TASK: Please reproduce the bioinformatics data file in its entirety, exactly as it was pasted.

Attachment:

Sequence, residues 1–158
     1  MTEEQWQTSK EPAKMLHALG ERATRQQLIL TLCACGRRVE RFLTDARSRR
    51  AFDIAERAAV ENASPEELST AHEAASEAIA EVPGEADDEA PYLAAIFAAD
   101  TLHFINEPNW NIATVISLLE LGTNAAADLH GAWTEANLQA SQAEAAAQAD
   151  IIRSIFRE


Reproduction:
Sequence, residues 1–158
     1  MTEEQWQTSK EPAKMLHALG ERATRQQLIL TLCACGRRVE RFLTDARSRR
    51  AFDIAERAAV ENASPEELST AHEAASEAIA EVPGEADDEA PYLAAIFAAD
   101  TLHFINEPNW NIATVISLLE LGTNAAADLH GAWTEANLQA SQAEAAAQAD
   151  IIRSIFRE